Students read the assignments and using the hypothes.is annotation
- answer predefined questions (by lecturers/assistants/peers)
- ask questions about difficult passages
- discuss interesting points
- attach complementary material
- prove points with links to other research
- reflect and form opinions
Detailed task (for lecturer and students)
Students read texts published on eSkript or on the Internet and use annotation to work on the information and process it.
- Choose text and design the assignment
- Open a hypothes.is-group for group-private annotation
- Inform students about assignment and how to become a member in the hypothes.is-group
The annotations (discussions, argumentations, explanations) happen in the context so that no (mostly difficult) referencing is needed. Links to other research and additional material can easily be added and a web of specific and relevant information can grow. The view in context is appealing (especially in contrast to a forum, which is the alternative for such tasks) and the dashboard gives a very good overview of the work done, with good filtering functionalities when tagging is used. (Annotations can be tagged by topics, assignments, groups, or any relevant keywords.)
You need to instruct students clearly on what the assignment is. It is also important that they use the hypothes.is group to annotate and that they do not annotate publicly unless the Copyright and Data Privacy Protection issues are crystal clear to them.
Case: Critical lecture Philosophical Texts
In spring 2017 students from 851-0147-01L Philosophical Reflections on Physics II were asked to read published texts on eskript.ethz.ch, find muddy points and comment on them in groups. This is the eSkript that was used: https://eskript.ethz.ch/philophys/.
The students’ instructions that were used can be found in the introductory chapter ‘Annotationstool‘.
PD Dr. Norman Sieroka gave us feedback after their planned use on one of Plato’s text:
Unsere Studierenden haben im Semesterfeedback sehr positiv auf die Verwendung von Eskript [und hypothes.is] reagiert/geantwortet — sowohl als “Disziplinierung” für sich selbst beim Lesen als auch (und vor allem) als Hilfsmittel, um eine Diskussion von Texten vorzubereiten und Themen zu spezifizieren. Und auch wir [die Dozierenden und Assistierenden] sind von der Qualität und Art der Kommentare positiv überrascht.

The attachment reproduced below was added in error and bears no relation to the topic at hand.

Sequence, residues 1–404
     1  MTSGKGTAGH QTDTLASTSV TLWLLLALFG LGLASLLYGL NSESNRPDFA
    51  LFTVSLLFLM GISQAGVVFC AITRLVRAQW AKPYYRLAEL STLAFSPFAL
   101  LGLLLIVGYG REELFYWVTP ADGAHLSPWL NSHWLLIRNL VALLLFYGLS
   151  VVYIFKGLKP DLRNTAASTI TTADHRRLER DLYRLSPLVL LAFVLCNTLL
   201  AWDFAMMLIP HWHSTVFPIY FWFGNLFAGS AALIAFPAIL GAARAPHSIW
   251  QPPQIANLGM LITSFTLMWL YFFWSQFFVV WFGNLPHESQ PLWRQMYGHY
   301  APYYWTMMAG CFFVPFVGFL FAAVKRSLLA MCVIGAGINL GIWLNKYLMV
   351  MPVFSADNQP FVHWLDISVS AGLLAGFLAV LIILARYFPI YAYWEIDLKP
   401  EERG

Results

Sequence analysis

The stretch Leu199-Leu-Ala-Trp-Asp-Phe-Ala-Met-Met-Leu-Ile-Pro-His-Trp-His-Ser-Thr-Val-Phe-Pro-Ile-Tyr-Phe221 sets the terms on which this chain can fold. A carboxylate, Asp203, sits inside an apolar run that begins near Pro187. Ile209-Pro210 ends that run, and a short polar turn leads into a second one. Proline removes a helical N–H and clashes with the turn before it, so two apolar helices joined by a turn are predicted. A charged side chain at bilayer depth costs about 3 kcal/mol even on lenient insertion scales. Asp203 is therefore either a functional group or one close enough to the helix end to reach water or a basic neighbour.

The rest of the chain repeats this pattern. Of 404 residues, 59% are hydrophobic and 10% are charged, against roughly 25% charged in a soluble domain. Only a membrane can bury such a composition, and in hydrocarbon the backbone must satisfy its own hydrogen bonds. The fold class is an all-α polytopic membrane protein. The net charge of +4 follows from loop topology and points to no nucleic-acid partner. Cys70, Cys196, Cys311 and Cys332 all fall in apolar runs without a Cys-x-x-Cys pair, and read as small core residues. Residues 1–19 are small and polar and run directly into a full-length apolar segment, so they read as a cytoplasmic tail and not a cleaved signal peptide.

Translation (Eng): Our students have responded / reacted very positively to the use of eskript [and hypothes.is] in the semesterfeedback – both as a “discipline” for themselves in reading as well as (and above all) as an aid to prepare a discussion of texts and specify topics. And we [the lecturers and assistants] are also positively surprised by the quality and nature of the comments.
More about General Annotation Strategies
Basic Text Annotation Strategies
1. Assign a reading to students for make-up work, extra credit, or as extensions for gifted and highly motivated readers–or let them select a text themselves.
2. Have stronger readers read ahead and annotate higher level vocabulary in the text with definitions paraphrased in student-friendly language.
3. Create reading groups within a classroom–different groups reading the same book, or different groups with different books.
4. Have students create quizzes for self-assessment. Self-assessment is especially useful because rather than simply focusing on the accuracy of the responses or the quality of the writing, self-assessment focuses on the quality and depth of the questions students ask.
5. Assess student understanding of vocabulary with the quiz feature.
6. Annotate the text with !/?/–> for surprising/confusing/connected ideas.
Advanced Text Annotation Strategies
7. Have students read in a Literature Circle format with specific roles created that can be carried out by highlighting and marking digital text. These can include Text Questioner, Vocabulary Detective, Creative Visualizer, and more.
8. Have students keep double entry journals based on a given criteria–passages they like, sentences they feel are important to the theme, dialogue that allows the reader to infer a character’s motivation, etc.
9. As the teacher, before key text events, annotate texts for different reading levels with questions, insights, vocabulary, etc. This can take a lot of time, but used selectively, can make reading more personal and accessible for students.
10. Create custom bookshelves for individual students.
11. Question the text through annotation, where students mark phrases or passages that make them curious or confused by adding questions. Teachers can then use these questions not only to asses comprehension, but to use select questions for classroom or group-based discussion.
Futher Tasks with Annotations
Scenario with Frog and Hypothes.is
- Get annotations by group
- Get the new ‘ideas’ together